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Guilderland Archives The Altamont Enterprise, April 26, 2012
GCSD leaves “ancient lever machines” for electronic ballots
By Melissa Hale-Spencer
GUILDERLAND School district voters will be the first in the county to cast their budget and board ballots electronically.
“We’re going from ancient lever machines to scanatrons,” said school board President Colleen O’Connell at Tuesday’s board meeting.
That meant that, at Tuesday’s meeting, the board had to appoint Albany County-certified election inspectors as well as the usual local poll workers for the May 15 elections.
“We still need to have our own poll watchers to see that voters are eligible to vote,” said Assistant Superintendent for Business Neil Sanders.
While voters have used the electronic machines in municipal elections, Guilderland is the first school district in Albany County to do so, said Sanders.
District residents will be voting on an $89 million school budget as well as a $3.4 million public library budget. Additionally, four candidates Christine Hayes, Jennifer Charron, Catherine Barber, and Emilio Genzano are running for three seats on the nine-member school board. Three seats are also open on the 11-member library board, but no one submitted a petition to run.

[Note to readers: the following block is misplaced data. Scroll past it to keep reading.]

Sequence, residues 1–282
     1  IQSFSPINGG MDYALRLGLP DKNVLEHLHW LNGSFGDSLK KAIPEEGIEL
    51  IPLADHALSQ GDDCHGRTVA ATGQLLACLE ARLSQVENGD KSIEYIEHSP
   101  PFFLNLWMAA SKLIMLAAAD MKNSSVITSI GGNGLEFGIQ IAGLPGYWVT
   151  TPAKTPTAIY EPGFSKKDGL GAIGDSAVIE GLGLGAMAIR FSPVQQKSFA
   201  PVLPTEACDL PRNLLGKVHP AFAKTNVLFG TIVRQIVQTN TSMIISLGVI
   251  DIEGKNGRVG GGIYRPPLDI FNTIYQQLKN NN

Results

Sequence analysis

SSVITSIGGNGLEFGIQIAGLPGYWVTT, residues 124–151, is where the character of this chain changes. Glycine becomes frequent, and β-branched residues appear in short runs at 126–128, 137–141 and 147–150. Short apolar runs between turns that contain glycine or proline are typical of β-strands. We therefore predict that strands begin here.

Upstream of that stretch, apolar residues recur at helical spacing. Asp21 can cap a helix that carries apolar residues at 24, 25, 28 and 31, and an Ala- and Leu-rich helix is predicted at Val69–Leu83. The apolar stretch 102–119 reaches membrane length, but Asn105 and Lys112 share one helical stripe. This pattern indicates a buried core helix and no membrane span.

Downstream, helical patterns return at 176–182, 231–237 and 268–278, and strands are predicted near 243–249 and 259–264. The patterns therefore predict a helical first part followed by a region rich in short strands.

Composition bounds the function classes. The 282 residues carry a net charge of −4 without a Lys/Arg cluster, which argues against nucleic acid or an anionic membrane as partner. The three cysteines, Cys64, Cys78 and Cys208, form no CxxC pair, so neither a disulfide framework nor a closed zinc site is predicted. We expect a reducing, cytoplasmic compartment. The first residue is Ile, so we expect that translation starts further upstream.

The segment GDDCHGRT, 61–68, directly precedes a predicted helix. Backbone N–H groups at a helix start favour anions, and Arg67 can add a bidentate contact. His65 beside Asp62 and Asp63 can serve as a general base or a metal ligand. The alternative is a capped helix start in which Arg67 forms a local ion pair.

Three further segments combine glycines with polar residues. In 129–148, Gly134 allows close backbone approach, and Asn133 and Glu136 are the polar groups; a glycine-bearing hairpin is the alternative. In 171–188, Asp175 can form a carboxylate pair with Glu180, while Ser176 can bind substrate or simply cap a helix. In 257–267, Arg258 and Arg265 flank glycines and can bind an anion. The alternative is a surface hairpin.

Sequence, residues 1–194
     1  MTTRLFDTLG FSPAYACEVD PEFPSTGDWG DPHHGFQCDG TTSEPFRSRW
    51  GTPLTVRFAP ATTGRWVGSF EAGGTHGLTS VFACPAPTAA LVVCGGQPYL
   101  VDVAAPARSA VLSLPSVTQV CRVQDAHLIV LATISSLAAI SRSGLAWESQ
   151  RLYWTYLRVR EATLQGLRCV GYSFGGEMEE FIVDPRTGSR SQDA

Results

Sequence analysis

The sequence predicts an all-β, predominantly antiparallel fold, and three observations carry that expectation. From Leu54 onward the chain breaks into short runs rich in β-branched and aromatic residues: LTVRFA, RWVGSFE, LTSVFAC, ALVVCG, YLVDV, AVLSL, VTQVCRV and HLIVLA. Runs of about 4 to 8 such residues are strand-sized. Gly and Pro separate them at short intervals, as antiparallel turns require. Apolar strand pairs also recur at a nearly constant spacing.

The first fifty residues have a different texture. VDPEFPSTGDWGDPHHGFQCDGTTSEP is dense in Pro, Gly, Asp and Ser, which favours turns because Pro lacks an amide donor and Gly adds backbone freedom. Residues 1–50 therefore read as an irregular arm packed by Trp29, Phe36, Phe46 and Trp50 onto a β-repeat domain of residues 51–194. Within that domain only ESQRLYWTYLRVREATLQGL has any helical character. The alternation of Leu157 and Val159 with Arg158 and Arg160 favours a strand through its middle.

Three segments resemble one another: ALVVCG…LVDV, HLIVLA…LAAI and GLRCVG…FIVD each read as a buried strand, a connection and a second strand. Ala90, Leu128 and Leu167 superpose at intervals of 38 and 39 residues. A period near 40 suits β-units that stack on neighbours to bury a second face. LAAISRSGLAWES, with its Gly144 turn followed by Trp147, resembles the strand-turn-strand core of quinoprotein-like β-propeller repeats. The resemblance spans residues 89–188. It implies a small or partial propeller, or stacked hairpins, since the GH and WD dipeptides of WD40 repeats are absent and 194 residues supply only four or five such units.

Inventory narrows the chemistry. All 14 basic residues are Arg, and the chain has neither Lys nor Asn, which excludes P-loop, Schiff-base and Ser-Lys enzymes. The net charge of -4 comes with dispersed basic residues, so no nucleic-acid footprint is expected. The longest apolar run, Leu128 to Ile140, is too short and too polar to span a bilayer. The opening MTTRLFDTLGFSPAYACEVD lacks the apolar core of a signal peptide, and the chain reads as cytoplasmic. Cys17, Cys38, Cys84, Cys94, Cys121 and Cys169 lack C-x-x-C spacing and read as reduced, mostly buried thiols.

Voters will fill in bubbles on paper ballots next to the candidates of their choice. After polls close, sticks with the data from the voting machines will be taken to board-of-election headquarters, where results will be tallied, and returned to the school district. Tally sheets may also be printed out at the district election sites, said board Clerk Linda Livingston, who is handling the new voting procedures.
“What are they going to do with the write-in ballots for the library?” asked board member Richard Weisz.
Sanders said those would have to be counted by hand and it would probably be several days before those results are available.
Guilderland School District residents vote at their area elementary schools. Anyone who has lived in the district for at least 30 days, is a United States citizen, and is 18 or older is eligible to vote.
Voters may register at any of the elementary schools or at the district office, located at the high school in Guilderland Center on May 3, 7, or 9. They may also register at the Albany county board of elections.
In other business, the board: